• Students who have been or are currently impacted by bullying, whether they are being bullied, witnessing bullying or bullying others.
  • Students who should be included to make the experience a positive one.
  • Students in your school who have the desire to bring positive change.
  • Students in your school who might be able to make a difference.
  • Students in your school in whom other students trust.
  • Student leaders who will help build and sustain the movement.
  • Student leader who has an existing platform and is an influencer on campus and in the community.
  • Students who should be included that represent your student population.
  • Students need to genuinely care about supporting their school’s bullying prevention efforts.

More information on building participation.

Sustaining Momentum

One of the best practices in bullying prevention is to make sure any program, initiative, campaign or movement is not a short-lived effort because:

In order to realize higher rates of success, programs must be implemented and sustained over time.


Students will not invest meaningful time or effort in a movement that does not have longevity or a positive impact on their lives.

Below are some quick recommendations for keeping sustainability in mind.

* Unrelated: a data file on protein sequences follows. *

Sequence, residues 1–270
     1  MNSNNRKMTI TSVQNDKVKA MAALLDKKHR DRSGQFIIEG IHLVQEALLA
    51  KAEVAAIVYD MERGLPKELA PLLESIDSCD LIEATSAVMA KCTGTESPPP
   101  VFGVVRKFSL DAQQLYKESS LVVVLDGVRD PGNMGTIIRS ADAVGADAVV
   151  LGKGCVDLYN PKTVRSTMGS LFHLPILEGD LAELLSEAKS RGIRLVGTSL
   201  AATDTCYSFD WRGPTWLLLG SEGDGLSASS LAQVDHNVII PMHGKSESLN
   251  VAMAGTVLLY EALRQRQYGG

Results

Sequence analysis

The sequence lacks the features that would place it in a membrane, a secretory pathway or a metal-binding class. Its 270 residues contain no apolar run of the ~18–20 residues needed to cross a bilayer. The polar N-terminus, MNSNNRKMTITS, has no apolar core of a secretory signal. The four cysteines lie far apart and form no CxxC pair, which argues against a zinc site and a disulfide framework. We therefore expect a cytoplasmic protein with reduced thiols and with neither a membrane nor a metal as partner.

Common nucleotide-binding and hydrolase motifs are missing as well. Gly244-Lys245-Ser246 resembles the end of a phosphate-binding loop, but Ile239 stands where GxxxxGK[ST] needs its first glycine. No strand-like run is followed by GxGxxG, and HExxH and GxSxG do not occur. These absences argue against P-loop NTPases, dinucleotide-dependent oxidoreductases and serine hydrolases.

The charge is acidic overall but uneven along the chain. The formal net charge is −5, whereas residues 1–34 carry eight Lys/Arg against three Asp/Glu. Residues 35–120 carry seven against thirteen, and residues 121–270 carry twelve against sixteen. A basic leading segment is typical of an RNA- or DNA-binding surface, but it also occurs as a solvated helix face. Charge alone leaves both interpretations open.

• Is there administrative and staff support for student-led initiatives?
  • Have you identified adults in your building who will assist you?
  • Who will take over if you are unable to support the students?
  • What is the process for official approval of a new initiative in your school?
  • Have you identified community support for additional resources? E.g., parent group, local businesses, local and state government.
  • What role will your students play in institutionalizing and elevating this movement?
  • What are key components of a successful student-led initiative in your school?
  • Could this initiative be linked or integrated with any other existing initiatives? E.g., school climate, character education, SEL or other bullying prevention efforts.
  • Have you identified future opportunities for students to be engaged in bullying prevention as they move on to high school?
  • Do you have team building activities that would bring cohesion to the group as new members are added?

Becoming Advocates

Advocacy is an activity by an individual or group that aims to influence decisions within political, economic and social systems and institutions.

The Pennsylvania Statewide Afterschool Youth Development Network (PSAYDN) has developed the Advocacy and Communications Toolkit to support advocacy work that can be used by students as a starting point.

This toolkit guides afterschool supporters on how to advocate for their programs but can easily be utilized in a school setting. It includes:

  • Fact sheets focused on Pennsylvania advocacy information, Pennsylvania After 3PM, and afterschool and youth development strategies.
  • Federal and state advocacy budget timelines.
  • Media outreach and tips to help effectively advocate for your program.
  • Sample communications templates to help advocate your program.

PSAYDN also provides several other resources on advocacy.